Stade de France prepares for first match since Champions League chaos

Stade de France prepares for first match since Champions League chaos

Last weekend's Champions League final was marred by chaotic scenes outside the Stade de France
Last weekend's Champions League final was marred by chaotic scenes outside the Stade de France

PARIS: Less than a week after the chaotic scenes that marred the Champions League final, the Stade de France in Paris will be the centre of attention again as the French national team play Denmark on Friday before an expected capacity crowd.

The pictures of Liverpool fans massed outside the stadium gates and of police firing tear gas at peaceful supporters waiting to get in to the Champions League final between Liverpool and Real Madrid have raised questions over the capacity of Paris to host the Olympic Games in 2024.

France's Interior Minister Gerald Darmanin has faced accusations of lying after he blamed the chaos on massive ticket scams, and has since admitted that the organisation around the final could "clearly" have been better.

The Champions League final kicked off 36 minutes late due to the problems before Real Madrid beat Liverpool 1-0.

"What happened last Saturday at the Stade de France was an embarrassment for our country, for our region and for our capital that is preparing to host the biggest and most watched event in the world in the Olympics and Paralympics," said Paris mayor Anne Hidalgo on Thursday.

Yet organisers are calm about Friday's UEFA Nations League match at the stadium, when 1,400 Danish supporters are expected to be among the sell-out crowd of about 80,000.

A spokesman for the French Football Federation told AFP that there will be 1,270 security staff on duty at the stadium, a number decided before last week's incidents and that is fewer than the 1,650 stewards who were mobilised then.

"This is a totally normal match, the like of which we have organised numerous times over the last 20 years," Mathieu Hanotin, the Socialist mayor of the northern Paris suburb of Saint-Denis where the stadium is located, told AFP.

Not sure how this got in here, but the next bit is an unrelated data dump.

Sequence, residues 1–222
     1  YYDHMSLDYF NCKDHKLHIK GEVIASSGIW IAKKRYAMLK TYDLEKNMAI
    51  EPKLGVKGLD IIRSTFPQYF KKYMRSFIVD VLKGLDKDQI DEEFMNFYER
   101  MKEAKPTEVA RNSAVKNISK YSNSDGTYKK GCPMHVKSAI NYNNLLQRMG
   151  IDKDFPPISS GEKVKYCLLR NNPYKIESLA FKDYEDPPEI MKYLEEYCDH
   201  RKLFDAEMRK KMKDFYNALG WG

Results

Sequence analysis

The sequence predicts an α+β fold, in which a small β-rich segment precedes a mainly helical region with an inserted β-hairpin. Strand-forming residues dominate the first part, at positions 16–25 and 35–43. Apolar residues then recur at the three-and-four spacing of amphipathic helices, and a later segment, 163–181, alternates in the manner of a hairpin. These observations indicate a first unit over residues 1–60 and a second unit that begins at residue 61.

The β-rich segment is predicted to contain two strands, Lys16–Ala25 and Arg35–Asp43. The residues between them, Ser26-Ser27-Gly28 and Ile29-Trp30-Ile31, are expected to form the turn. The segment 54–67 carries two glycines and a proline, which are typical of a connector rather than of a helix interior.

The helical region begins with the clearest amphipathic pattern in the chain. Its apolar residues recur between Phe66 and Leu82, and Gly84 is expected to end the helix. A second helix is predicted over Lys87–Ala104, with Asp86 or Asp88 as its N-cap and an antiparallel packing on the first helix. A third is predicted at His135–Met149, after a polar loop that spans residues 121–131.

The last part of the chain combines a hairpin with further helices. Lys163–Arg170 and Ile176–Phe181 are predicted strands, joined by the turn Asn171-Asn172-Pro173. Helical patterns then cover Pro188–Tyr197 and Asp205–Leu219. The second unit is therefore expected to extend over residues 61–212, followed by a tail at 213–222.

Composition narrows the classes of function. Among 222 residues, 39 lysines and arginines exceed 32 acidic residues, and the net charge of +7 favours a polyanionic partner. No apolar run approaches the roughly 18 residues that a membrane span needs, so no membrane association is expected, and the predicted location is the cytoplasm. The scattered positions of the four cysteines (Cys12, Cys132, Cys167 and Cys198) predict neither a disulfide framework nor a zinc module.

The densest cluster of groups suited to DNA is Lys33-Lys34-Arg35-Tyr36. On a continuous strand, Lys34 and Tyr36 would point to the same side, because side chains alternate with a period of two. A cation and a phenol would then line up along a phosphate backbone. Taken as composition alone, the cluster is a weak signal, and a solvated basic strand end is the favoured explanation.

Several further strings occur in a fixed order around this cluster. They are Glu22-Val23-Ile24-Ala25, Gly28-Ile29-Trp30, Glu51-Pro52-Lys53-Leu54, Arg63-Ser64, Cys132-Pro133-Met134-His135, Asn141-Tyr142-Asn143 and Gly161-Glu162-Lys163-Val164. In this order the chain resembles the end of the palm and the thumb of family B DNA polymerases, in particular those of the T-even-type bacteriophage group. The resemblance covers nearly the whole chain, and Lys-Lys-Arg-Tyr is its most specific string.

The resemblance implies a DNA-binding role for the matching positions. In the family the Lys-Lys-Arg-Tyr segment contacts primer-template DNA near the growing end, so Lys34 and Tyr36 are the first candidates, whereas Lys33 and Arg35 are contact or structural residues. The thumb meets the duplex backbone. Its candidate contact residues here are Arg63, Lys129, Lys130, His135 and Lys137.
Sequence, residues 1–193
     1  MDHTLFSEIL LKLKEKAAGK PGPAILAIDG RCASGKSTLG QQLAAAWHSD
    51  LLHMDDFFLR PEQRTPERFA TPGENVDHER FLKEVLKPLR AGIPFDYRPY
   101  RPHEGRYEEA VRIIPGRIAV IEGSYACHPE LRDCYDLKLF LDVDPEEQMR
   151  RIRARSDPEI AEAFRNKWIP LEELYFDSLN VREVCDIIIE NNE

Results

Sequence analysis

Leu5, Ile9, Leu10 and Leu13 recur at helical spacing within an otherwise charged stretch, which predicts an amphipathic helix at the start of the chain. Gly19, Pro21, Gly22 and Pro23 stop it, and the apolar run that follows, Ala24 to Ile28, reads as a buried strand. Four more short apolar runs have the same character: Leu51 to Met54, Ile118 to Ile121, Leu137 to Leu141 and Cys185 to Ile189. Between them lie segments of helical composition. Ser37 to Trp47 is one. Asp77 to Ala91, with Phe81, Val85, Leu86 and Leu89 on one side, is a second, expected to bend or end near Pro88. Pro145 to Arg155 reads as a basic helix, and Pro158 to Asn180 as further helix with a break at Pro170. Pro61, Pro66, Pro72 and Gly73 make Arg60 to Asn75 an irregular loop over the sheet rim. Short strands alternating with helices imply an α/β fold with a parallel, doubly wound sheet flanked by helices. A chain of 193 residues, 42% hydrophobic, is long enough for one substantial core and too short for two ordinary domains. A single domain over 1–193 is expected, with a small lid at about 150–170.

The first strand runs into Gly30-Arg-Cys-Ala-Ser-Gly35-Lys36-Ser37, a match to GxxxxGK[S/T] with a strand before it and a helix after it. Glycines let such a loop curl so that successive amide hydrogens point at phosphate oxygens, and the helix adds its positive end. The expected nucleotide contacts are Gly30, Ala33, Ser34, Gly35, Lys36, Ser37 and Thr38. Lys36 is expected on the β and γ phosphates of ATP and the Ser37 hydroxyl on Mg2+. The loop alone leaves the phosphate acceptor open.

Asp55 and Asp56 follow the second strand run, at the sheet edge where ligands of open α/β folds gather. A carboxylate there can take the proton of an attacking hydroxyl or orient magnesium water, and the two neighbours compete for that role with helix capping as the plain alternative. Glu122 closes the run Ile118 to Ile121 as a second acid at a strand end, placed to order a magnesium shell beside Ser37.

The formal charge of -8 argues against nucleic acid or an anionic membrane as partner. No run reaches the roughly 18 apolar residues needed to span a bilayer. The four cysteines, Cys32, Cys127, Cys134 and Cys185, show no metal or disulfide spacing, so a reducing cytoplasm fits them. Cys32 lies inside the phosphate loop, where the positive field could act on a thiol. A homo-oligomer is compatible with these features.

"In terms of controlling the flow of people this will be a normal match with normal security measures."

France have not played at their national stadium -- which was built for the 1998 World Cup -- since June 8 last year, when they beat Bulgaria 3-0 before a limited crowd due to Covid restrictions.

There has not been a France national football team game at the Stade de France without crowd restrictions since November 2019.

Like last weekend a strike has been called on one of the two suburban railway lines that, along with the city's metro, ferry fans from central Paris to the ground, situated a few kilometres outside the French capital itself.

Incidents at matches in France in recent weeks have not been limited to the Champions League final.

Last Sunday riot police confronted supporters with tear gas after an angry pitch invasion followed Saint-Etienne's defeat by Auxerre which led to the 10-time French champions being relegated from Ligue 1.

"I find it sad because people come to the stadium to support us and we play for the supporters," France's Bayern Munich defender Benjamin Pavard said on Wednesday.

"I understand the frustration, at Saint-Etienne for example, but that is a bad example for children who sometimes don't understand everything.

"Unfortunately I can't change much but I would like things to be calmer," added Pavard, who insisted he had "no fears" about Friday's game.

World Cup holders France begin their defence of the Nations League title against the Danes.

They won the second edition of the tournament last year, beating Spain in the final in Milan.

Denmark were semi-finalists at Euro 2020 and will be at the World Cup in Qatar later this year, and in the same group as France.

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